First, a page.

[First, as a quick update, the seemingly endless long vacation season has pretty much ended for me, with only a few more far shorter weekend trips over the next couple of months. So, I’ve spent the day trying to get control of enormous piles of messes, and I’ve incorporated OmniFocus to help with the task. One of the totally out-of-hand messes is all the unanswered emails from readers, many of them pointing me to important and valuable information. So, thanks for that, I’m sorry if I didn’t acknowledge you personally, but the reality is that I may need to just move on and work on getting back to far more substantive posting. I will try to do better with emails moving forward]
I first picked up the scent of the sugar-Alzheimer’s connection last year, April 2008, when I came across this study.
Acquired disturbances of several aspects of cellular metabolism appear pathologically important in sporadic Alzheimer’s disease (SAD). Among these, brain glucose utilization is reduced in the early stages of the disease. Hyperinsulinemia, which is a characteristic finding of insulin resistance, results in a central insulin deficit. Insufficient insulin signaling impairs the intricate balance of nitric oxide regulation of the central nervous system. Reduction in central insulin decreases neuronal nitric oxide synthase and increases inducible synthase activity. This, in turn, decreases astrocytic energy substrates and antioxidant supply of neurons. In addition, an increase in peroxynitrite formation impairs redox balance. Hyperleptinemia and glucose excess, which are the other parameters of insulin resistance, may worsen the reduced astrocytic energy supply and the ongoing inflammation via the inhibition of AMP-activated protein kinase (AMPK). Consequently, energy deficit and inflammation in neuronal tissue may cause neurodegeneration of SAD.
So, too much sugar (including things that reduce to sugar, i.e., grain products), too much insulin, resulting in insulin resistance, and you may get "diabetes of the brain," now sometimes referred to as Type III Diabetes.
Now what’s interesting is that ketogenic diets have been used for a long, long time (1920s) for epilepsy, and if not mistaken, recently for other neurological disorders as well. Well, another word for "ketogenic diet" is low-carb, paleo, etc.
But, there’s another way to produce ketones than going ultra-low carb and producing them as the by-product of your own fat metabolism. You can just eat a lot of saturated fat, and one of the richest source of saturated fat is coconut oil.
Certain saturated fats, called medium chain triglycerides (MCTs), go straight to the liver — long chain fats go through the lymphatic system — and are metabolized right away, creating lots of ketone bodies in a short time. So, eating lots of coconut oil (about 65% MCTs) essentially does the same thing in producing ketones as does a very low-carb diet.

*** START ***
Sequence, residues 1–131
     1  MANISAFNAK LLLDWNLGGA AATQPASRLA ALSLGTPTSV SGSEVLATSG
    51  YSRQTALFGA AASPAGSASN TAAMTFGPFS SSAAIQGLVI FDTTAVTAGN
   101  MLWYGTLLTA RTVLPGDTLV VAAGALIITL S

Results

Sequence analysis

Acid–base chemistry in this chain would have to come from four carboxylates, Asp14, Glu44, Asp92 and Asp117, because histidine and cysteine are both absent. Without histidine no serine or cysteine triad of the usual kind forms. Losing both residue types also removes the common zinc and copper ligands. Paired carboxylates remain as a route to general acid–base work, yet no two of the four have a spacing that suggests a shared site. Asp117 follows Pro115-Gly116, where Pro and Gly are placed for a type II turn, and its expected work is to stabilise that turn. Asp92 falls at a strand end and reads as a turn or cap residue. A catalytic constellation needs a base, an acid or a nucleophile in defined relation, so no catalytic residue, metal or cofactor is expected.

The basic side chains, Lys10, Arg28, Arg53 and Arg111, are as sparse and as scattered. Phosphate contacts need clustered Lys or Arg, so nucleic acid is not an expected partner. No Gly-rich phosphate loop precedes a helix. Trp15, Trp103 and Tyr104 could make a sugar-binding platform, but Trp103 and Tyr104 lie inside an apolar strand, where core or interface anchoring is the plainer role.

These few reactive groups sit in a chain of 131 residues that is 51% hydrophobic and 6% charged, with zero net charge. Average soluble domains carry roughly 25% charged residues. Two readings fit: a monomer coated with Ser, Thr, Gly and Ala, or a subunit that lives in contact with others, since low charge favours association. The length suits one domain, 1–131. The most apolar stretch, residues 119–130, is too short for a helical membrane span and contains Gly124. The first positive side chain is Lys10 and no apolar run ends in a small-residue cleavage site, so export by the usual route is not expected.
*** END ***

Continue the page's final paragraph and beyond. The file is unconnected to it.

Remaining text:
Now let’s connect more dots. Here’s a reasonably substantial post I did last November on Alzheimer’s and ketogenic therapy. If you read that, you may complain that this post is mostly review, and you’d be right. But there’s an update to it, as well.
One of the things I highlighted in that post was the story of Dr. Mary Newport, whose husband developed Alzheimer’s. As an MD herself, she was able to dig around enough looking for possible drug therapies, as well as clinical trials they could apply to. Problem was, nothing approached seeing improvement, only a slowing of progression.
Here’s part of the story in print. For the rest of the story, it’s Jimmy Moore to the rescue, and his interview with Dr. Newport who tells the entire story. At the point when she began administering coconut oil (she explains dose levels in the interview) her husband Steve — an accountant — could not even recall what day of the week it was, what season it was, or many mundane details. But far from just slowing progression of the disease, she reversed a large part of it.
Coming full circle, these are just the sorts of stories I like best because it affirms a principle. Let’s call it The Animal Principle: Wild animals don’t typically and systematically suffer from our range of diseases of civilization because they eat and behave in accordance with their natures.
First of all, if we ate and behaved in accordance with our natures, there would likely be no diabetes to speak of (not even T1), no obesity, little cancer, Alzheimer’s, heart disease, stroke, etc., as has been observed and documented in dozens of traditional hunter-gatherer and non-industrial societies for a couple of centuries. Simply eliminate sugar and grains and you’re 90% there.
But I find it highly interesting that after hundreds of millions spent on this needless disease, it looks to be turning out that the prevention — or curative element when the foregoing advice to drop the sugar and grains isn’t heeded — is something that is not only plentiful in most natural diets, but something that has been maligned as no other nutrient for about the last 40 years.
Most funny of all is that everyone’s afraid to say "a class of saturated fats." Nope, "medium chain triglycerides."
Update: A commenter has indicated that there’s a 6-part interview up on YouTube. You can access part one here.